2017 Oblate Commitment Ceremony

2017 Oblate Commitment Ceremony

The Gospel reading we just heard would certainly be a strong contender in a contest that was asking for the message of Jesus in one or two phrases. "Love God and love your neighbor as yourself."

In fact, this is a close paraphrasing of what is known as The Golden Rule, primarily noted in the Christian Scriptures from earlier in Matthew, "Do unto others as you would have them do unto you."

It also is one of the scripture passages that is best known by memory, by Christians and by people of all faiths and walks of life.

It appears in the Hebrew Scriptures in Deuteronomy and Leviticus as "You shall love the Lord your God with all your heart, and with all your soul, and with all your might" and "You shall love your neighbor as yourself."

In Buddhism we read, "Hurt not others with that which pains yourself."

The Golden Rule in Hinduism is conveyed as: "This is the sum of duty; do naught onto others what you would not have them do unto you."

And from an Islamic writing, "None of you has faith until he loves for his brother or his neighbor what he loves for himself."

For us as Benedictines, it, too, sums up our monastic stance of the primacy of our relationship with God through our communal and personal prayer, our relationship with the other members of our community and the significance of our ministerial outreach with and for the people of God—our "neighbors."

This weekend, particularly, reminds us of our special relationship with all who seek to live the Benedictine way of life—to all who "love God with all their hearts, minds and souls."

Among us this year we have eight initiates who have looked at Benedictine spirituality and found in it an enrichment of their own search for the sacred in life. They will continue to study the Rule of Benedict and the monastic values it espouses, and will begin to incorporate these values into their own daily lives.

We also have five individuals who are now formally becoming oblates of Mount St. Benedict Monastery of Erie. They join with thousands of people around the world today who give witness to the Oblate Way of Life.

I have carefully read and pondered each oblate commitment. Your love for God and your love for your neighbors are clearly evident.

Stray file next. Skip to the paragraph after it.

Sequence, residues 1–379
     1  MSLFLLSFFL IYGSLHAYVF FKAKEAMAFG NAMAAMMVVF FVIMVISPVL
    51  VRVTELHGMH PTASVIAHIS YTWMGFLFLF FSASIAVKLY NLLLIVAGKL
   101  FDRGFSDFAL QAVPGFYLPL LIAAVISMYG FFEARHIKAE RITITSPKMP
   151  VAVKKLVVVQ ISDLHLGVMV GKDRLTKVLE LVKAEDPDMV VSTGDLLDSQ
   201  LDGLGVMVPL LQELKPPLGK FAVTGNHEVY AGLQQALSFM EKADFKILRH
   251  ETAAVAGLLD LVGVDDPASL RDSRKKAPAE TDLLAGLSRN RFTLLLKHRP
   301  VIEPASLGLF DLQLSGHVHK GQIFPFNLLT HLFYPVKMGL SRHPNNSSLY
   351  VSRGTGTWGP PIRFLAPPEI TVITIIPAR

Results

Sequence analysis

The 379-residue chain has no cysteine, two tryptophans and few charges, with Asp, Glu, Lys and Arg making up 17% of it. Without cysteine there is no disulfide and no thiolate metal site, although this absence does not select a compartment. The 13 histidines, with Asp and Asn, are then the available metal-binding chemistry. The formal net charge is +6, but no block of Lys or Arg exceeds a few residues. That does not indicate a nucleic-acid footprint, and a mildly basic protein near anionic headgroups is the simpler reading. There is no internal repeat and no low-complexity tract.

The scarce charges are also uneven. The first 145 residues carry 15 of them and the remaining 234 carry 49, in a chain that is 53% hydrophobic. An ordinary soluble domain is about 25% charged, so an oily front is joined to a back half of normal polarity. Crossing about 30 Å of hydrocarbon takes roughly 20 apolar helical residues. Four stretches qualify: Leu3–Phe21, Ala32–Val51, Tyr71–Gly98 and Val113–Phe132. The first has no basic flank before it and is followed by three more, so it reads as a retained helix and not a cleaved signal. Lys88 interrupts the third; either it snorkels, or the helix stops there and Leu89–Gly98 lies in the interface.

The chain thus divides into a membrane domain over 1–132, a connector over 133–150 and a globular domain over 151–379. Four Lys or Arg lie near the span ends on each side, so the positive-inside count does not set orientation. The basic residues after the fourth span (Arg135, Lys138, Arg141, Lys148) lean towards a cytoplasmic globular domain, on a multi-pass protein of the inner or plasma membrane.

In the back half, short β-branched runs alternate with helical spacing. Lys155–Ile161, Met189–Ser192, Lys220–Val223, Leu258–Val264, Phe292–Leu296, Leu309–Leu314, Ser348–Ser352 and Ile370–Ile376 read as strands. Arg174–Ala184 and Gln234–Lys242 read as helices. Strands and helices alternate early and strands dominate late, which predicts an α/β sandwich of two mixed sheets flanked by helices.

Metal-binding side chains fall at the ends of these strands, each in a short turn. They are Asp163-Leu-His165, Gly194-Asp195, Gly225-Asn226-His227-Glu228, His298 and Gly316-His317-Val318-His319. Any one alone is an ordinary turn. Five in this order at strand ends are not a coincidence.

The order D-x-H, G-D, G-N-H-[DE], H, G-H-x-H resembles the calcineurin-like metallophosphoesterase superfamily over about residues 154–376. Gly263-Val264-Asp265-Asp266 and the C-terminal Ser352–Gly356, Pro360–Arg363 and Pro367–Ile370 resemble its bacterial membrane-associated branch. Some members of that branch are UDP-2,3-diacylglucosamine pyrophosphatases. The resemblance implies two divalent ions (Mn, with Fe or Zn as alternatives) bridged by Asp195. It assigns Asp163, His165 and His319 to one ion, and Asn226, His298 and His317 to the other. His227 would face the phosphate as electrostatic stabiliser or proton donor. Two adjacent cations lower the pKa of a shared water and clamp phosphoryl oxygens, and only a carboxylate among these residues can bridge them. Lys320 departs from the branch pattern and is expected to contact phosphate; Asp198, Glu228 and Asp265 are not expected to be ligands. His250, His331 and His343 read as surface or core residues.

Your faithfulness in living the Benedictine charism and corporate commitment of this community is uplifting and encouraging. Each of you is making a tremendous difference in this world during very challenging times.

A few months ago, I was struck deeply by a comment made by one of our Sunday liturgy presiders, Father Jim Piszker. On that Sunday he was musing about the acrimonious state of not only our own government but also that of the governments and peoples of many other nations in our world. After a brief summary of the challenges that this is bringing us, he asked the rhetorical questions: What are we to think? Where are we to go for answers for peace? And, How are we to live within such distressing times?

I could see our Sunday assembly leaning in, just waiting and hoping that he might propose an answer to the very questions and concerns which were on many of our minds, too.

And he did.

This is what he said: "Though the problems are many and the upset is great, there is only one response for us: We look to Jesus and his message. And we find him saying, 'Follow me.'"

And follow him is exactly what we must do: Live the gospel, Live the Golden Rule, Live by the Rule of Benedict and we will find life. We will find depth, happiness, meaning, purpose and love for this time, for all time—for ourselves and for our global neighbors.

Photo: Sister Anne Wambach, center, with Oblate Co-Directors: Sister Dianne Sabol (left) and Sister Ann Hoffman (right)

Sister Anne Wambach, OSB, the twenty-first prioress of the Benedictine Sisters of Erie, Pennsylvania is a native of Philadelphia. She moved to Mount St. Benedict Monastery in 1992 to respond to a desire to experience the monastic way of life. Previously a member of the Sisters of St. Joseph in Chestnut Hill, Sister Anne began the formal transfer process to the Erie Benedictines in 1993 and made her monastic profession in 1997.

Sister Anne has served the people of the Diocese of Erie as a teacher at St. Gregory's School in North East, Pa., from 1992-1995, and at the Neighborhood Art House in Erie, beginning as program director in 1995 and as executive director since 2005. She served on the Monastic Council from 2006-2010.